From an interview with
Dr. Pat Denton
McLeod Orthopaedic Florence
An estimated 1.6 to 3.8 million athletes annually suffer concussion, according to the Brain Injury Research Institute. Often, cases are underreported and undiagnosed. A study by the American Academy of Pediatrics shows the number of sports-related concussions is highest in high school athletes, but they are significant and on the rise in younger athletes. Dr. Pat Denton, McLeod Orthopedic Surgeon and Medical Director of McLeod Sports Medicine, shares more about this common sports injury.
“A sports concussion frequently occurs in contact sports such as football and soccer. A concussion is a mild traumatic brain injury that requires proper treatment for full recovery. Most often, concussions do not result in loss of consciousness, but they do produce symptoms such as headache, nausea, dizziness, confusion, memory loss and personality changes.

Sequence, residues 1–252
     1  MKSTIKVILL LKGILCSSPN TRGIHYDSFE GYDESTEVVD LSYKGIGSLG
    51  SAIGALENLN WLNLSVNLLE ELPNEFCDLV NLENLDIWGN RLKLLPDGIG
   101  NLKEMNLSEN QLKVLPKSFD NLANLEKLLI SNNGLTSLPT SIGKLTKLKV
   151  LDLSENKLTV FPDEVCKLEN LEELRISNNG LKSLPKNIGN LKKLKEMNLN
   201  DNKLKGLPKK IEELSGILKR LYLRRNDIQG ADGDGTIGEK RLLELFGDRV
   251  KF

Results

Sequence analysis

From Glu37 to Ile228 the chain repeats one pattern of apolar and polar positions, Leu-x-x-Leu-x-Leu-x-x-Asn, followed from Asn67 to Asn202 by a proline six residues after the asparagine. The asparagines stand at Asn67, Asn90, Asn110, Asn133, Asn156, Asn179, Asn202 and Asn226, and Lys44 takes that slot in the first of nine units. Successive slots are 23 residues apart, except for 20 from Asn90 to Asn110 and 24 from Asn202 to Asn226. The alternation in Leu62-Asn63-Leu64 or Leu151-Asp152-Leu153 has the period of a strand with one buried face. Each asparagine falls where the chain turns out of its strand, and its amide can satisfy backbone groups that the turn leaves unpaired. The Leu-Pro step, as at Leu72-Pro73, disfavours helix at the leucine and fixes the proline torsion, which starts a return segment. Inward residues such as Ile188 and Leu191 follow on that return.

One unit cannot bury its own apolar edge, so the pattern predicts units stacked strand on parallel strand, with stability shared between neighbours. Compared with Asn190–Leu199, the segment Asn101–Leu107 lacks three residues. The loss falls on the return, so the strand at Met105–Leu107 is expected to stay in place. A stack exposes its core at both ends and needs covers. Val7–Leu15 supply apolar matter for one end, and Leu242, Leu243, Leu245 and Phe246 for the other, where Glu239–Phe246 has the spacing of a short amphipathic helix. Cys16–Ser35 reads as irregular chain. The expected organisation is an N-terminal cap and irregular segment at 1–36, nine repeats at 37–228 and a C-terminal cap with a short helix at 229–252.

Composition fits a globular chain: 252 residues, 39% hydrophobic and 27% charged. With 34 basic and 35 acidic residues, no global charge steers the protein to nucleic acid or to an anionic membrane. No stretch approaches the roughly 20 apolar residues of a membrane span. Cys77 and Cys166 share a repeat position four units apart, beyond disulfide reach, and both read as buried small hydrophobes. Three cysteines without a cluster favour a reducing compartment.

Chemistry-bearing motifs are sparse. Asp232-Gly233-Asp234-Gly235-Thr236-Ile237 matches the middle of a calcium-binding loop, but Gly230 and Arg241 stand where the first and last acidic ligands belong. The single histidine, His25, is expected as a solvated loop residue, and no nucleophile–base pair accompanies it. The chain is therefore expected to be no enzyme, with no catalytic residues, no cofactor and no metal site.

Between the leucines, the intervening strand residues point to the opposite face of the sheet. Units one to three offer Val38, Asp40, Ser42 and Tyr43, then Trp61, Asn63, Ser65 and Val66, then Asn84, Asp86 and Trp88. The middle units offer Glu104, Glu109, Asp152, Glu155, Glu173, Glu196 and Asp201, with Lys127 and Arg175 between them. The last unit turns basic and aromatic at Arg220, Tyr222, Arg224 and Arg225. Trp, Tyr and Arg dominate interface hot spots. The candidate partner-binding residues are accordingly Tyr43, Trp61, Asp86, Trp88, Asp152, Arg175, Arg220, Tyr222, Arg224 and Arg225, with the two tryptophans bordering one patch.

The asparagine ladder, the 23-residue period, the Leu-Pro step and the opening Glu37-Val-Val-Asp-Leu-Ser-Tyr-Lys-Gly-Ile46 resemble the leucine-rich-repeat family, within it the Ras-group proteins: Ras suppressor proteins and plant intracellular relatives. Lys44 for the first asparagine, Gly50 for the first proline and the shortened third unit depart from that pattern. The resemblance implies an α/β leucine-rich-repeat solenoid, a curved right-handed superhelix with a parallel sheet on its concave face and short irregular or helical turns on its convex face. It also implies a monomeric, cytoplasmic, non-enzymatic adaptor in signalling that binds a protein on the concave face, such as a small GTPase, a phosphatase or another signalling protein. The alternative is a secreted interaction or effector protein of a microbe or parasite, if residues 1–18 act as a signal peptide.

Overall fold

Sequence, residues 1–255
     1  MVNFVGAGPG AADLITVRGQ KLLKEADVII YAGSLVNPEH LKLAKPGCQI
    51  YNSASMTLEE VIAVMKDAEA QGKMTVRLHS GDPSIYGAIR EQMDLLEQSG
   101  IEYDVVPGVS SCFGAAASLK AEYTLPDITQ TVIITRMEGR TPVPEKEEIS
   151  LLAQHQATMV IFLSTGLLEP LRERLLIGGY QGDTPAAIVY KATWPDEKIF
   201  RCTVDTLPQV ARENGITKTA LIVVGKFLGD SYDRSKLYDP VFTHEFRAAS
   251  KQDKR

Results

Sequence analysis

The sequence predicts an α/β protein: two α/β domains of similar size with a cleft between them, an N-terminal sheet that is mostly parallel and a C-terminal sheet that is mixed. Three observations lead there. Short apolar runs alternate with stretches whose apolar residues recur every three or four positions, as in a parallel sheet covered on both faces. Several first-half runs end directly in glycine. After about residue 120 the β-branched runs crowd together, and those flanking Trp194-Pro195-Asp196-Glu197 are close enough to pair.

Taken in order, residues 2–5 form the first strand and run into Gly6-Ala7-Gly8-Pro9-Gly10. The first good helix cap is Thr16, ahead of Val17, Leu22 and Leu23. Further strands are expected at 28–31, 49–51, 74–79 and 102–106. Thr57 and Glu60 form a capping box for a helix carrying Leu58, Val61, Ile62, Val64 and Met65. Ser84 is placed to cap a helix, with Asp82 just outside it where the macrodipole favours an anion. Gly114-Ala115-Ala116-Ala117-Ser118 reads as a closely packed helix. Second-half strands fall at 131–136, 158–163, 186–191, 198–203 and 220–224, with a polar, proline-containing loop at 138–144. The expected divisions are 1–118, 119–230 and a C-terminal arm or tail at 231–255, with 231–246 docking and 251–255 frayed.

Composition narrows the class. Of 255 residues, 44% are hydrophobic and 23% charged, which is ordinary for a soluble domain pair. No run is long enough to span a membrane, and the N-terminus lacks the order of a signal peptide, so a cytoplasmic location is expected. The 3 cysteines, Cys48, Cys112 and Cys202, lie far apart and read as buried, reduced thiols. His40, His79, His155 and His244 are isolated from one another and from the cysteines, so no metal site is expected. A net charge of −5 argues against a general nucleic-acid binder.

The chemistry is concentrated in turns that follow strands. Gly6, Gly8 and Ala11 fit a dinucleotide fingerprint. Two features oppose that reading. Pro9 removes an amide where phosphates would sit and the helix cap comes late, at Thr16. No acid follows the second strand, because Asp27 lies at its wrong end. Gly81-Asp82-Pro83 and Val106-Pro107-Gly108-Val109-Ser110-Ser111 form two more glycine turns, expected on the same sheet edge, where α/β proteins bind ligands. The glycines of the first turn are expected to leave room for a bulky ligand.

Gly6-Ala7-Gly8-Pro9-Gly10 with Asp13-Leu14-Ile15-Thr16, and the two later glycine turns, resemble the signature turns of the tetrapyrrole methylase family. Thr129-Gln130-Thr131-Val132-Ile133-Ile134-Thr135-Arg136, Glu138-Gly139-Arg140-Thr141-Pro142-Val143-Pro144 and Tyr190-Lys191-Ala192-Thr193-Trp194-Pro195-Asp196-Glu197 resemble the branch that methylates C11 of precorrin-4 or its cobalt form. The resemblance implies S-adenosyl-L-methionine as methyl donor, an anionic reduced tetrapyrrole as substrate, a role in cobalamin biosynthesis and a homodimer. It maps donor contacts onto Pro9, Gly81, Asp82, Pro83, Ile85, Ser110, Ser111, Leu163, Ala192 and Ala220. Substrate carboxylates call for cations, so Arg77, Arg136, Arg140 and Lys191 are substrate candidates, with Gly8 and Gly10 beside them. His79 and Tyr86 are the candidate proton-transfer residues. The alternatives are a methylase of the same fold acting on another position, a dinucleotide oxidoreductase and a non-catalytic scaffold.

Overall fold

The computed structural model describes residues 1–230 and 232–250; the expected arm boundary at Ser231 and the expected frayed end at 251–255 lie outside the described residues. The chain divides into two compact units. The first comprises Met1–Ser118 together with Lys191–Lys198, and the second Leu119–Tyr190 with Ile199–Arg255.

Any athlete that is suspected to have a concussion should not return to play. The effects of this injury usually subside within 7-14 days, yet symptoms can last for months. Most athletes will fully recover, but their brain has to be given time to heal and be protected from further injury.
The key to treatment is early recognition and delaying return to play. It is better to miss a few games than to miss the rest of your life.”
Healthcare providers, athletic trainers and coaches use concussion tests to evaluate brain function before and after a head injury. These tests all use a combination of verbal, written or computerized methods to check various brain functions.
Brain functions that are evaluated in concussion tests include:
Following a concussion, athletes of all ages are advised to undergo a series of steps before returning to play: rest, then light exercise and sport-specific training. Only then should they be cleared to resume contact drills.
Children who participate in sports learn values they carry with them throughout their lives, including discipline, teamwork and how to handle winning and losing. A few bumps and bruises are to be expected, but head injuries should never be ignored.
To learn more, speak with a sports medicine specialist near you.